I am here to tell you that Hip-Flask does NOT disappoint as a sequential discovery puzzle. And more importantly, it is definitely susceptible to deductive reasoning and thus “solvable” in the strictest PuzzleMad sense. There is some fiddling required to make it reveal its first secret, but that is a straight-up exploration and standard procedure for the beginning of any sequential discovery puzzle. These types of puzzles, whether locks, boxes, or flasks, generally need to hold themselves together and present an implacable front initially. The first discovery is most often stumbled upon. Thereafter, a “good” puzzle can be attacked with creative THINKing©. This is the experience I had with Hip-Flask. I admit to a certain consternation at the beginning and I struggled to understand exactly what was happening. Thoughts of gravity pins and little ball bearings were running around my head. Felix said no “significant force” in the instructions, so perhaps there is some subtle, tasteful, magnetism involved?  I didn't quite know what I was dealing with.

Hip-flask remains dignified, even when exposed.
Finally, something released or aligned, and the cap rose significantly. It was a thrilling moment, even though mostly a chance occurrence. Of course, the cap immediately went back in and locked. I then spent a good amount of time figuring out how to release it consistently. Getting that accomplished was a big moment and gave me needed momentum. I didn’t fear inadvertent flask closure anymore. This is the first phase. I recommend mastering it before you move on. Mastering this phase also sets one up for the next, harder phase (Ed - harder? OMG - I think it is beyond me already). You should be starting to understand the puzzle mechanics by this point. Also, you will have joyfully released one of the rods as well. It’s a nice little reward and a good design choice. It shows that the designer was thinking experientially, not just mechanically. 

The second phase is the heart of the puzzle, and it is where most people will have a devil of a time.
I realized at some point that I should start using my brain more (Ed - that's always a problem for me!), and thank goodness because there is virtually no other way to solve Hip-Flask. I can safely say that random action is very ineffectual on this puzzle. Shaking it or spinning the cap around aimlessly is not going to help you, and for the love of Mrs S, please don’t bang it or hit it (Ed - or she will hit you - or worse, me)! All the information you need is provided if you are open to it.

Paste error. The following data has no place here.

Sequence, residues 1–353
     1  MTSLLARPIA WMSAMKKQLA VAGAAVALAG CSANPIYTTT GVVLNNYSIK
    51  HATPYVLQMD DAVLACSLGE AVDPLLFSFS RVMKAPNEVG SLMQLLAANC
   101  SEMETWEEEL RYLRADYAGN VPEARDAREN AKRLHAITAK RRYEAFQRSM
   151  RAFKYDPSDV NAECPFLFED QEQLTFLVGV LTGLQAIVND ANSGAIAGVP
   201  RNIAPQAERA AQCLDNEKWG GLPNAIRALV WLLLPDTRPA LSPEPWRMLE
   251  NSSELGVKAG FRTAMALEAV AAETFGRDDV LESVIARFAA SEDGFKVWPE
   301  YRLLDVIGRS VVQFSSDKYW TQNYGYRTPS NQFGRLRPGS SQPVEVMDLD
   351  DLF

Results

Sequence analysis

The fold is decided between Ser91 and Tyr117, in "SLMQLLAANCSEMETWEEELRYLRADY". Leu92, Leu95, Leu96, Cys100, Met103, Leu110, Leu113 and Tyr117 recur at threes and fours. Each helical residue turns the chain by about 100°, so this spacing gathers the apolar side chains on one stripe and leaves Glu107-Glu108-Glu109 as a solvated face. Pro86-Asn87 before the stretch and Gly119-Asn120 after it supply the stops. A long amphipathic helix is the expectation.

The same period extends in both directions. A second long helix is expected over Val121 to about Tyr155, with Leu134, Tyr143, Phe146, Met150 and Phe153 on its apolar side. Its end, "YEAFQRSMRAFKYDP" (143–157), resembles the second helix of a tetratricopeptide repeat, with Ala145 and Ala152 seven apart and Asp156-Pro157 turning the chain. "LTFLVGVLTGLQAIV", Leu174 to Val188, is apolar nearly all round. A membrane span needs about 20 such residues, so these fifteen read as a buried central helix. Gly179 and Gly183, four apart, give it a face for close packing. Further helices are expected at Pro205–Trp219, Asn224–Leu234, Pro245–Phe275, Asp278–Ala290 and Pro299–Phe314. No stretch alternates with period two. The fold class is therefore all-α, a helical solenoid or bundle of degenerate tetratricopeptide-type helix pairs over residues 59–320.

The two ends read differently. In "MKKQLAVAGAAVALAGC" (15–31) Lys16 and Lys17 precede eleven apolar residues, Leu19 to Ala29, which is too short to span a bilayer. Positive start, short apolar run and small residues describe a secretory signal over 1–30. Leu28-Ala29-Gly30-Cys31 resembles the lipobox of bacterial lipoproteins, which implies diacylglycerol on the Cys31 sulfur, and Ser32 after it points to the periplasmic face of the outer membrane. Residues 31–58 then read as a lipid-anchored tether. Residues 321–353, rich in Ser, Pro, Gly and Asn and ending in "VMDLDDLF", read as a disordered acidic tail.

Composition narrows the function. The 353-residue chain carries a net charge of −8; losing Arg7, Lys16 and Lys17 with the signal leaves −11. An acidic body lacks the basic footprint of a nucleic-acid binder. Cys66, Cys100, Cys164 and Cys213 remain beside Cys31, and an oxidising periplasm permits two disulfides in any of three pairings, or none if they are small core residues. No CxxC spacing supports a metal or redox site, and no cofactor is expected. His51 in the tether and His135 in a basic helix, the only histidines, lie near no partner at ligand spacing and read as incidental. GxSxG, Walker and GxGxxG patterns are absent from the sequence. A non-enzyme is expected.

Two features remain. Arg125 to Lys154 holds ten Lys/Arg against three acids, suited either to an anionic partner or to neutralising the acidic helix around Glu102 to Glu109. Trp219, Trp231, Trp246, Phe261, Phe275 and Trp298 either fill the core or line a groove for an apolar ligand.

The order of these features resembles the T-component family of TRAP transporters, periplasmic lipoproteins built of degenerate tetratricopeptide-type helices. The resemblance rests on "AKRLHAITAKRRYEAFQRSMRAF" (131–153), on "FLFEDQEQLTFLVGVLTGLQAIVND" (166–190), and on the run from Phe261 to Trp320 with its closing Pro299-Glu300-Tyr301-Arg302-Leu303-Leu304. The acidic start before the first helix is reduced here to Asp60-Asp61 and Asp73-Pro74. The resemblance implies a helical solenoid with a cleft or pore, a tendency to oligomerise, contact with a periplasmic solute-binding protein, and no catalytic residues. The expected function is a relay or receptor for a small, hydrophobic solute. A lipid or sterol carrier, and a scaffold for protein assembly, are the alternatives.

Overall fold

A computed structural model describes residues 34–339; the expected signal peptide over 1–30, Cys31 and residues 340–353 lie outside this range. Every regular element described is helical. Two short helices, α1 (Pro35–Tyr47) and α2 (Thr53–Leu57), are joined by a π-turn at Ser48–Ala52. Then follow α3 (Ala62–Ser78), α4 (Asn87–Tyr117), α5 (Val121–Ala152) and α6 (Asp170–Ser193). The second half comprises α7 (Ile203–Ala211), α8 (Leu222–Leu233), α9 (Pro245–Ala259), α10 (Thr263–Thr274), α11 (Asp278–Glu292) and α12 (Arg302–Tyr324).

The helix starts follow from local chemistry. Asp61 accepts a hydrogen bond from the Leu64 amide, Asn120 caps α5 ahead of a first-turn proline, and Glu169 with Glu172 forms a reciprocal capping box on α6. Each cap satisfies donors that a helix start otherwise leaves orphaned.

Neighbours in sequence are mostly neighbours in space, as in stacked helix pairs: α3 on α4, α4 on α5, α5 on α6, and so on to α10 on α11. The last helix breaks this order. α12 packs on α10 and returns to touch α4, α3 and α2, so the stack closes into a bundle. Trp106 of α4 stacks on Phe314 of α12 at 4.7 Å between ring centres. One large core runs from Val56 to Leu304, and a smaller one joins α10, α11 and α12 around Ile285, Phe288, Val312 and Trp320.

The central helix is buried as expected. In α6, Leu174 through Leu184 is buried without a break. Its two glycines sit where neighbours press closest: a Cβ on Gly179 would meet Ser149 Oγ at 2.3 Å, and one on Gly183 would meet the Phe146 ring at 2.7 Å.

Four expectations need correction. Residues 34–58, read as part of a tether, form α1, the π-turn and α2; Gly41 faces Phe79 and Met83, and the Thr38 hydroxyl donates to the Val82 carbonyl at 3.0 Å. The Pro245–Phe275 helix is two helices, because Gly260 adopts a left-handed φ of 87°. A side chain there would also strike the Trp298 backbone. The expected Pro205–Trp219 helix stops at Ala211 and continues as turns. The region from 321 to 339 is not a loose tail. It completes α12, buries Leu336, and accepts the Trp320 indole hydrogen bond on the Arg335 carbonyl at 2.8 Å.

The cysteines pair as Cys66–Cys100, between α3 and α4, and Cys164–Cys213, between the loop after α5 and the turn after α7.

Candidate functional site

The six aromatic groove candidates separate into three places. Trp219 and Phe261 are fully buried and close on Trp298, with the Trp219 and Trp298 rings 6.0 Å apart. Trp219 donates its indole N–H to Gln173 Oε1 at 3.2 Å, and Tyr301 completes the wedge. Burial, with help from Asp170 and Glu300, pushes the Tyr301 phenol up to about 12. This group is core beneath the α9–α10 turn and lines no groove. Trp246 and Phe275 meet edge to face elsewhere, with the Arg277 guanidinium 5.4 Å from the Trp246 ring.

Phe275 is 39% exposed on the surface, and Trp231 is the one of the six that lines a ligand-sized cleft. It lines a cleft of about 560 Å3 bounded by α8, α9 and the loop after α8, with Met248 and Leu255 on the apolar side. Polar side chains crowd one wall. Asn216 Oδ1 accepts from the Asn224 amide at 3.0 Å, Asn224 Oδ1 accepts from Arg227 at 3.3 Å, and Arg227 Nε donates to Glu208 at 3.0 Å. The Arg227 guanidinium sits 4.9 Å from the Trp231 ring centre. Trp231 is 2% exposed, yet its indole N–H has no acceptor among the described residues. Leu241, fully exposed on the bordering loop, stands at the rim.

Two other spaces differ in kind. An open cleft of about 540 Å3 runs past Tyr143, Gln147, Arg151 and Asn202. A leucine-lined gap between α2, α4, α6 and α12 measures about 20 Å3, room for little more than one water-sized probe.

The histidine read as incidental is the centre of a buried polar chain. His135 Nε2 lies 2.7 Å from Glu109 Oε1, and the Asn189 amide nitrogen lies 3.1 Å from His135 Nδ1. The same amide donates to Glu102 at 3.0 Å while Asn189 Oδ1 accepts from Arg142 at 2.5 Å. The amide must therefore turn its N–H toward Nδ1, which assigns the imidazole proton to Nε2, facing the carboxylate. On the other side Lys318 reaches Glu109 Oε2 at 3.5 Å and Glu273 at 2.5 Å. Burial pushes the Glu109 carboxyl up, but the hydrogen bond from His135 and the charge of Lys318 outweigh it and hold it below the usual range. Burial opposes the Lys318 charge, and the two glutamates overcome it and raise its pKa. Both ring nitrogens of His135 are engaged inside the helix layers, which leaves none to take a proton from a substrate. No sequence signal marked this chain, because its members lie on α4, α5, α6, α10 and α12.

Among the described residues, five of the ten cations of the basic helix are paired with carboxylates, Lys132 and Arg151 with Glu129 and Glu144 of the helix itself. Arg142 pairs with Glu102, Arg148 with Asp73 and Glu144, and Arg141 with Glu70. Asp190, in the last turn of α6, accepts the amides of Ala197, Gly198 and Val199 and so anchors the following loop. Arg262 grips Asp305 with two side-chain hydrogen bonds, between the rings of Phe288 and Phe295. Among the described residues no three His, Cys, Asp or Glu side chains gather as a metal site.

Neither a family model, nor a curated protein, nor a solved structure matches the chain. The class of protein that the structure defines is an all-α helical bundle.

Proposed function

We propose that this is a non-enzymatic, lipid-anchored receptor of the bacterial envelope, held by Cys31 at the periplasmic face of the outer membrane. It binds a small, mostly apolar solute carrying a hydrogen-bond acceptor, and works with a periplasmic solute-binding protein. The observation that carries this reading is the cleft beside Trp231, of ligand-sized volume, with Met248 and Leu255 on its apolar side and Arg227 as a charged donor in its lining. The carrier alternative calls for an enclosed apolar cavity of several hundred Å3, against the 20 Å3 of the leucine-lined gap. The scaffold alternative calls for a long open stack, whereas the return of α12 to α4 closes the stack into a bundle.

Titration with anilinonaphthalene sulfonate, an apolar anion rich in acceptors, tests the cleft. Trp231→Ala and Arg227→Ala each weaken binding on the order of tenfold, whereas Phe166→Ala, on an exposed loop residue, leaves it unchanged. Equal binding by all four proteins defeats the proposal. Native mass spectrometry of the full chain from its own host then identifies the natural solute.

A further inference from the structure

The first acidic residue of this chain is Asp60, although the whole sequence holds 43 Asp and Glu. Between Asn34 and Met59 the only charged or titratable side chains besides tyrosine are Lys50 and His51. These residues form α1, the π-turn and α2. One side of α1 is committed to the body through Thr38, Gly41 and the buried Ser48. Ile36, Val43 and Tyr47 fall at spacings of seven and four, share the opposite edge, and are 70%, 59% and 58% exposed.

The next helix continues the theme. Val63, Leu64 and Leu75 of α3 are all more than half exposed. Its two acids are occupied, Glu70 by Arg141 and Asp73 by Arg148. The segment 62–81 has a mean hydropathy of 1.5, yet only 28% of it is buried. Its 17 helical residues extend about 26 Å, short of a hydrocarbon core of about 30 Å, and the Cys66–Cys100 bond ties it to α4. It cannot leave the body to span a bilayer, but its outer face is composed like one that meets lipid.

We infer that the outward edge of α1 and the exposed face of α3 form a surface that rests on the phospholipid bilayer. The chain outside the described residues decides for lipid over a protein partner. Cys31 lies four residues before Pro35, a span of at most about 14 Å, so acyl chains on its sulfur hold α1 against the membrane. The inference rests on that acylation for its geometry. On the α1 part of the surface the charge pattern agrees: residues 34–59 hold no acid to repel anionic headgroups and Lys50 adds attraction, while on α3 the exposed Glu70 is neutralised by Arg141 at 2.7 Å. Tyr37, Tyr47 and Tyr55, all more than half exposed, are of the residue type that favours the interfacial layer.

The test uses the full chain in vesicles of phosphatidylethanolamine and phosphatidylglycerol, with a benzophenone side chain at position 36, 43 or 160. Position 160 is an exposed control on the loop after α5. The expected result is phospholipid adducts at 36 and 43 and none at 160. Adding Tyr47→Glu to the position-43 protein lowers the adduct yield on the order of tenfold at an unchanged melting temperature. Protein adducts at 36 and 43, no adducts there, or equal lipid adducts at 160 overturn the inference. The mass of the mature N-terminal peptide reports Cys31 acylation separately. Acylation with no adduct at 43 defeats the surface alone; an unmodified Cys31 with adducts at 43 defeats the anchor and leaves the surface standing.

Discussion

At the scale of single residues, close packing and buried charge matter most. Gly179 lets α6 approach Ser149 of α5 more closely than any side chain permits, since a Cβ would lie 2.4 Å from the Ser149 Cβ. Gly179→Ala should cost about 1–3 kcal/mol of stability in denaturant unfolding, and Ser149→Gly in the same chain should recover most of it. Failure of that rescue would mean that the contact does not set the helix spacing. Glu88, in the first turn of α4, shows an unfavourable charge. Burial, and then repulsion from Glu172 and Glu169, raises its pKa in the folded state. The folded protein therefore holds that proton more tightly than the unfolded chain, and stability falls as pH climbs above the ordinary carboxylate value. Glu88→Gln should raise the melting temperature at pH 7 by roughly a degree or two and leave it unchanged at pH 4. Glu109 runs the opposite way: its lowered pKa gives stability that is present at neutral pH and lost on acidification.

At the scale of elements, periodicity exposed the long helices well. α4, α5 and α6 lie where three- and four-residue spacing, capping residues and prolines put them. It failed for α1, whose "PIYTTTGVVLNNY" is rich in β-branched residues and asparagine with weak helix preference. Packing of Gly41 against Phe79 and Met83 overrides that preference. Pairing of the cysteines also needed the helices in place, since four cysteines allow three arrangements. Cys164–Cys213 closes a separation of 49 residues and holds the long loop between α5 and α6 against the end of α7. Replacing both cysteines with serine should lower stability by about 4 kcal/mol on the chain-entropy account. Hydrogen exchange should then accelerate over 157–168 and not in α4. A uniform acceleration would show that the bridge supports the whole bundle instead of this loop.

I eventually was able to deduce the exact nature of the mechanism and the exactly required movements. I used a piece of tape to keep track of my cap movements, an old and very widely accepted aid. A piece of tape is not an external tool (Kevin, please double-check the PuzzleMad policy paper we wrote on this - Ed - tape is fine because it is just a means of record-keeping). When you solve the second phase, you are very close to home. It allows you to extract the second rod and the cap is now WAY up, although still locked somehow. The two rods are obviously tools and you will need to use them somehow to solve the third phase: full release. It’s very clever how this works. Simple but perfectly effective. I believe it is a Ure original. 

Alternative reassembly via hex screw.
Reassembling Hip-Flask by reversing the solve is allegedly not difficult, but I did have trouble with it. Felix assures me it is possible and is actually how you are supposed to do it. I believe him. However, you can also reassemble by removing the hex screw on the side and gaining access that way. This works fine, you just need a 3mm Allen wrench and normal care. So no, despite my coyness previously, you will not sequentially discover a hex key. I plan to go on-line and find a nice small 3mm brass wrench to keep permanently with the puzzle (Ed - that's a nice idea).